The Bachelor of Science degree with a major in communication sciences and disorders is blended with the Mount’s broad liberal arts foundation to prepare students for a variety of careers. The curriculum integrates a sequence of interdisciplinary courses designed to provide a thorough understanding of normal human communication processes in children and adults, in addition to various disorders associated with these processes.


A master’s degree is the entry-level degree for professional clinical practice in speech-language pathology, as graduate studies are focused on the diagnosis and treatment of communication disorders. Thus, for many students, an undergraduate major in communication sciences and disorders is a pre-professional degree. The program incorporates guided clinical opportunities where students can gain the skills and experiences needed for admission and success in graduate studies.

As a part of the School of Health Sciences, the Bachelor of Science degree in Communication Sciences and Disorders offers an in-depth curriculum of courses, clinical observation hours, and a senior seminar.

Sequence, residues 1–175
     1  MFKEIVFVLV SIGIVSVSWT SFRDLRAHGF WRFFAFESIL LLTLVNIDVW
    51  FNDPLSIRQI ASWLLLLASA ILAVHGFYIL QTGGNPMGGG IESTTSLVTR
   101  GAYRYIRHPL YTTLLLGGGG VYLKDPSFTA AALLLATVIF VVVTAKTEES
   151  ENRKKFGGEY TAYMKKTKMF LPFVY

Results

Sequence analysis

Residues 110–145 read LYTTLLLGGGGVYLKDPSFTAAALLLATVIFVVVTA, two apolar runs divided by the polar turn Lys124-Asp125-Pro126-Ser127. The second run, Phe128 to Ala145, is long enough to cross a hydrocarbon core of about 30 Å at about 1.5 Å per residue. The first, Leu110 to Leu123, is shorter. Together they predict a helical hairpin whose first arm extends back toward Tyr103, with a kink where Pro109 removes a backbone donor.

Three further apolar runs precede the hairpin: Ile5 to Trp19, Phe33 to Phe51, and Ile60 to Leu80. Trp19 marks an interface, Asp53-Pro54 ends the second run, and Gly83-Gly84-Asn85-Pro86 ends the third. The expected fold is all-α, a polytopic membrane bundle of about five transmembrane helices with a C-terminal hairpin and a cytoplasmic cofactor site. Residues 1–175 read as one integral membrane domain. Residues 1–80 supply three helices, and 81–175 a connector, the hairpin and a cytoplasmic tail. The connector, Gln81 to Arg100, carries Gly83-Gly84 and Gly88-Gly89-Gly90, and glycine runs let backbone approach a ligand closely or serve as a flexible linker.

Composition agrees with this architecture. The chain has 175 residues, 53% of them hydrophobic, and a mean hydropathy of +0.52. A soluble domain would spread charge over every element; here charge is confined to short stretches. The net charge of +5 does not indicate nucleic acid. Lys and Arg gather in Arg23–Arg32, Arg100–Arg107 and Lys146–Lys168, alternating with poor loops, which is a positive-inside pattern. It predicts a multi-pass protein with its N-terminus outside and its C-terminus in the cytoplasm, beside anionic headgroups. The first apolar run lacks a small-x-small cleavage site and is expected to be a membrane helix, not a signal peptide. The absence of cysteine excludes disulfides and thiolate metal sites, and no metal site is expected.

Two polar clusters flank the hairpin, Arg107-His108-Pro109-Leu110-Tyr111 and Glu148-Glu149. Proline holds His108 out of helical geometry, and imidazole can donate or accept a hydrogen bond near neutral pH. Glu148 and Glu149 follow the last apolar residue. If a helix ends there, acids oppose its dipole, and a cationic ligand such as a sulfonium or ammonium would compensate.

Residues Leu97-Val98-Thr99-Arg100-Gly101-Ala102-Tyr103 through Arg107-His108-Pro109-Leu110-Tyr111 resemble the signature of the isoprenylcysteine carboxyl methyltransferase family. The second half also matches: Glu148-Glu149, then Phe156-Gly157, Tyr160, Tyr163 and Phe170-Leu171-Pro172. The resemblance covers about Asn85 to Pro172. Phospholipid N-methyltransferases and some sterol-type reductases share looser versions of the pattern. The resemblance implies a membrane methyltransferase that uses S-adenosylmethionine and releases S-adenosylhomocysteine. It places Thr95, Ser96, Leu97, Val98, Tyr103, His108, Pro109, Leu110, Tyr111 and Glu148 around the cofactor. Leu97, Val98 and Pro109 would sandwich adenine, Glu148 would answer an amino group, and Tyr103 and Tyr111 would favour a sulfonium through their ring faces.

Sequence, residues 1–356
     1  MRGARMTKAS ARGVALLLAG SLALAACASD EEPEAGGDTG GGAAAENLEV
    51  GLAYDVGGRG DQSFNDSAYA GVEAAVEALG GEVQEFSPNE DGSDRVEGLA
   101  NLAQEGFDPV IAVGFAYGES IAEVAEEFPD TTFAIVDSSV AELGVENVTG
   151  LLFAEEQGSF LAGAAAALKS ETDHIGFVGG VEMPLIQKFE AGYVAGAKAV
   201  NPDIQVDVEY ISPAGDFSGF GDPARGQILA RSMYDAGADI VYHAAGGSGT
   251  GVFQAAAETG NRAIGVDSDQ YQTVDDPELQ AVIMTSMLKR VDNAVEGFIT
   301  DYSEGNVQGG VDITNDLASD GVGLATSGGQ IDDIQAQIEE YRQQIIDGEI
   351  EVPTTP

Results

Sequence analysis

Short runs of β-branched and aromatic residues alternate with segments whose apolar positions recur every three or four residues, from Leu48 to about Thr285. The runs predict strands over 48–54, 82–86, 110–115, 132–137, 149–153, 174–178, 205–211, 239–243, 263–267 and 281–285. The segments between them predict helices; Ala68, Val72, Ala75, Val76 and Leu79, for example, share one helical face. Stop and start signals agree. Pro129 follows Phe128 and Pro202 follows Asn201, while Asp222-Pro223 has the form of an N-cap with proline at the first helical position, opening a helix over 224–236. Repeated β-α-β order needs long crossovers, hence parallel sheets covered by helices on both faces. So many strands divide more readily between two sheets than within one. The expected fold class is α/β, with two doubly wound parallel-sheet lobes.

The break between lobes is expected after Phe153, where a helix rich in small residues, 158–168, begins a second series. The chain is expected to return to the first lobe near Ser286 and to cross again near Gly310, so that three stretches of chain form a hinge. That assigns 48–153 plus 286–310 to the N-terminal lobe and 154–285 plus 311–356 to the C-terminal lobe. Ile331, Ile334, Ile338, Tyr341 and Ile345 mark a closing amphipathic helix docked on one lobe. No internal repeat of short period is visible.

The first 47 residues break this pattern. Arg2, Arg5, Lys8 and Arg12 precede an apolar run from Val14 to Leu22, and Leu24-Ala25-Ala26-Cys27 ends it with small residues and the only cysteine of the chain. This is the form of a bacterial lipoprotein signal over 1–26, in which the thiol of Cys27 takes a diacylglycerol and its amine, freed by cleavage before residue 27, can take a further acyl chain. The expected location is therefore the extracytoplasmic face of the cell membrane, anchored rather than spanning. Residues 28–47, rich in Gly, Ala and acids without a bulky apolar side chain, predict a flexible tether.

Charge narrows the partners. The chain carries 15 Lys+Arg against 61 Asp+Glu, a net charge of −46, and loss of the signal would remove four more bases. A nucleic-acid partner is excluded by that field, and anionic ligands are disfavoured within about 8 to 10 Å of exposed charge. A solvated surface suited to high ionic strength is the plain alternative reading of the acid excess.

• Anatomy & Physiology of Speech/Hearing
  • Neuroscience & Communication Behavior
  • Phonetics and Linguistics
  • Seminar in Speech-Language Pathology and Audiology
  • Speech-Language Development
  • Theoretical Perspectives and Foundations in Literacy


According to the U.S. Bureau of Labor Statistics (BLS), employment for speech-language pathologists is expected to increase 21 percent by 2024. Professionals in the field of communication disorders work in a variety of settings and industries, including medicine, education, and research.

In addition to speech-language pathology, this major also offers a strong foundation for careers in fields such as:

  • Audiology
  • Child development
  • Special education
  • Early intervention
  • School counseling
  • Education material development and promotion
  • Other health related professions.

Depending on the state, graduates with a bachelor’s degree can apply for licensure as a speech-language pathology assistant (SLP-A). This license allows them to work under the direction of a certified, master’s level speech-language pathologist in a variety of education and health-related settings such as hospitals, nursing homes, schools, clinics, and in private practice.

Darla Vale
Dean, School of Health Sciences

Office of Admission 513-244-4531 | 800-654-9314 |